Thursday, 12 March 2009

Intro II

I'd been spouting off in the pub about the misuse of statistics and bad science in general, but there are so many people better qualified than me out there to comment about this. It did strike me though that there was no-one commenting specifically on how science and the law interact. Although, in fairness, it doesn't come up very often, when it does lawyers and courts can get it spectacularly wrong and it seems that this should be pointed out.

The thing that triggered me to start this was when I was flicking diligently through the Criminal Law Review, as all lawyers should, and saw the Commentary on the case of Wilson from last year. On the face of it, this is a frankly extraordinary and quite worrying case. Law (and the criminal law especially) is supposed to be based on the analysis of evidence and reason, a cold and dispassionate assessment of the facts. This case is, I believe, a good demonstration of what can go wrong.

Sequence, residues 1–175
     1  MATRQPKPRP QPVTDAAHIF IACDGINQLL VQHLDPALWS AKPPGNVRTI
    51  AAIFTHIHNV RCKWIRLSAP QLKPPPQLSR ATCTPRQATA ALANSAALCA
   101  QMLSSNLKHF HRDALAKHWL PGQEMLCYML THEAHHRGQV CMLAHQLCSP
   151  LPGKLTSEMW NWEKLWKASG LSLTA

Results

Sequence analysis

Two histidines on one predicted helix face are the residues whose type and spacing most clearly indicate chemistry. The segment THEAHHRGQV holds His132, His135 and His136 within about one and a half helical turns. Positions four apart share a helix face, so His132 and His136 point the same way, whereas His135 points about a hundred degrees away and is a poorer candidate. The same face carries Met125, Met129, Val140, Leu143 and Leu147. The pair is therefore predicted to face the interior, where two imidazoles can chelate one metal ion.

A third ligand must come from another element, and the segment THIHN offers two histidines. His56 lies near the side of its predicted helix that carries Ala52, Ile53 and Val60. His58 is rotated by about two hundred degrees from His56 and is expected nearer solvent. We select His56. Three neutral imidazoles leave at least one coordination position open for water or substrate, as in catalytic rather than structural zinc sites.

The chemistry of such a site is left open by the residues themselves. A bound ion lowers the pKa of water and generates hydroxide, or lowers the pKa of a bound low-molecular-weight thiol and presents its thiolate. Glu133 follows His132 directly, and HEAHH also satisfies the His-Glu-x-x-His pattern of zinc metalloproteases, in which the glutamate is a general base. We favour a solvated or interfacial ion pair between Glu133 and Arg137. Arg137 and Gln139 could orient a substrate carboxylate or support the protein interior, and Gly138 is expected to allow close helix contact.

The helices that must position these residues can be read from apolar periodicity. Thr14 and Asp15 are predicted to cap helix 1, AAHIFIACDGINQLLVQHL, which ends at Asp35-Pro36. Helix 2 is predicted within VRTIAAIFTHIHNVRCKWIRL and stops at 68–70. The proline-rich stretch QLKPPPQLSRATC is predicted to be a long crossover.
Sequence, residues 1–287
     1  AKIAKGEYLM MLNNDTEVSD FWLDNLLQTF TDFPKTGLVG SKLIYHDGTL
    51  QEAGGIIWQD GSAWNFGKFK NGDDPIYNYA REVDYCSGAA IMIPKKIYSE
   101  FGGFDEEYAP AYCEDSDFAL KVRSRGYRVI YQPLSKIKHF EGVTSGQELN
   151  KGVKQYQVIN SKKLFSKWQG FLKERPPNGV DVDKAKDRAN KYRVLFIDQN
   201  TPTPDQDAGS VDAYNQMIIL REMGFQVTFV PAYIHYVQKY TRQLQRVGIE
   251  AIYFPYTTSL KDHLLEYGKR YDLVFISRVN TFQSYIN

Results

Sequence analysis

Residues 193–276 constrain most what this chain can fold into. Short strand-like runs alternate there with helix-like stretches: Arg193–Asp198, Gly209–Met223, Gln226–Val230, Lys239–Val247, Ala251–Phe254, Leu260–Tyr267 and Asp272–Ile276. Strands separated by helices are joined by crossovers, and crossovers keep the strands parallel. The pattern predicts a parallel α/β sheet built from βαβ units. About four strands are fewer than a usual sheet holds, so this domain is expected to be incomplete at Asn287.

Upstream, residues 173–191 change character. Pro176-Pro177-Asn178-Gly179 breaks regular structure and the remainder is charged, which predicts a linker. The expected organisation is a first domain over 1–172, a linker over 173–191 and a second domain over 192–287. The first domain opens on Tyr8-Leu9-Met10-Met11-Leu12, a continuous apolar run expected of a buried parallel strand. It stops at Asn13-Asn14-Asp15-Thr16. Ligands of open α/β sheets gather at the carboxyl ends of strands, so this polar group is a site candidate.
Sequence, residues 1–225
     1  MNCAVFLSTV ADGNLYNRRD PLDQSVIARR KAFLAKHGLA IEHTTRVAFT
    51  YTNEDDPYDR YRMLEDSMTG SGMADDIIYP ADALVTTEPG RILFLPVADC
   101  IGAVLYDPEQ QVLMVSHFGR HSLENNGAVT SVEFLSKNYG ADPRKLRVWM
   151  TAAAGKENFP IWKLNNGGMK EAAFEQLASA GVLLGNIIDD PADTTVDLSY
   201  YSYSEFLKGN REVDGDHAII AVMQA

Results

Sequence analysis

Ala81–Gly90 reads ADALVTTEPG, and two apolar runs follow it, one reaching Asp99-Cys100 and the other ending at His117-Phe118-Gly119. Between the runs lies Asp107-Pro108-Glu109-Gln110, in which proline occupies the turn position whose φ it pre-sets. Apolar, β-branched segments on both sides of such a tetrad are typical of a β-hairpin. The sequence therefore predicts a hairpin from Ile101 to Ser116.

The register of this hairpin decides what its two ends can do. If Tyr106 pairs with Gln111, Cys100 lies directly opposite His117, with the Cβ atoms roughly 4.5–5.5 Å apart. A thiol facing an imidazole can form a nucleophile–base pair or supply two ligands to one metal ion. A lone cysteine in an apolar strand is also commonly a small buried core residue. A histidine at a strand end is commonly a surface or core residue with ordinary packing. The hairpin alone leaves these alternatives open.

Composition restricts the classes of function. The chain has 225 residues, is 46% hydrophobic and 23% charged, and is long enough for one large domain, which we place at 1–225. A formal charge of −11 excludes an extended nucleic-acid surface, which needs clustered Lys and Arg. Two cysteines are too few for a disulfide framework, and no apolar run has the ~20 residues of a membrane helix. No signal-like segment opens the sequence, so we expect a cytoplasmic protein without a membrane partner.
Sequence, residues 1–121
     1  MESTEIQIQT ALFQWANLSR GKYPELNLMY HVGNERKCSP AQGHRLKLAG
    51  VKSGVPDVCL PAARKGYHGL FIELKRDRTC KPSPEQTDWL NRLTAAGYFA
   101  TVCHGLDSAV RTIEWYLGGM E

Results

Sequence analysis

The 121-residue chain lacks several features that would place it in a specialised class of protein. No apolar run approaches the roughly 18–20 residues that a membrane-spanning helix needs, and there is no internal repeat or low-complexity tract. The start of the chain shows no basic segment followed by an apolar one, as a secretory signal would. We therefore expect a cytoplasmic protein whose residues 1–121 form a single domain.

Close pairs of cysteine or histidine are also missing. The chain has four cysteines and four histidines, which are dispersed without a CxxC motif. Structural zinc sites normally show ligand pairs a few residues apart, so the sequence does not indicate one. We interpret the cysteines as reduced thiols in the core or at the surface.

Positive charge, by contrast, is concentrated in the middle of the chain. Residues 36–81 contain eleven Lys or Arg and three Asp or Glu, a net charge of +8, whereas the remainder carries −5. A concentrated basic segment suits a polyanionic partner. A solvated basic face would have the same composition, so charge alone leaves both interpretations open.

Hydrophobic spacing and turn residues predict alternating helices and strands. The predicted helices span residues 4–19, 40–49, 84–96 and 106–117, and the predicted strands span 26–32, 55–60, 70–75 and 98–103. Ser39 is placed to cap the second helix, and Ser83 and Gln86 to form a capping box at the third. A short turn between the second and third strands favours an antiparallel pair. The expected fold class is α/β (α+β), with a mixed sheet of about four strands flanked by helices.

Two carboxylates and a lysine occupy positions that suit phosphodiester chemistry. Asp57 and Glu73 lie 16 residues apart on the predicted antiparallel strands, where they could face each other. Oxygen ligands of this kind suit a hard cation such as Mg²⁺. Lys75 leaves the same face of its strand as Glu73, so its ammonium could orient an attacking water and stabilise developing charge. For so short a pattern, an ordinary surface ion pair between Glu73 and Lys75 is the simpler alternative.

(Almost) all of the comments I will make on this blog are taken from the judgments of the relevant cases. Judgments are supposed to contain all the relevant facts and argument, but as I certainly know from experience, this does not always happen. A blanket disclaimer therefore that apologies galore if I get something wrong, it certainly wasn’t intended.

And lastly, I should say, whilst writing this blog is clearly tragic and self-indulgent, it may hopefully save me a bit of time when colleagues ask me, yet again, to explain DNA evidence. Not much time, but a bit.

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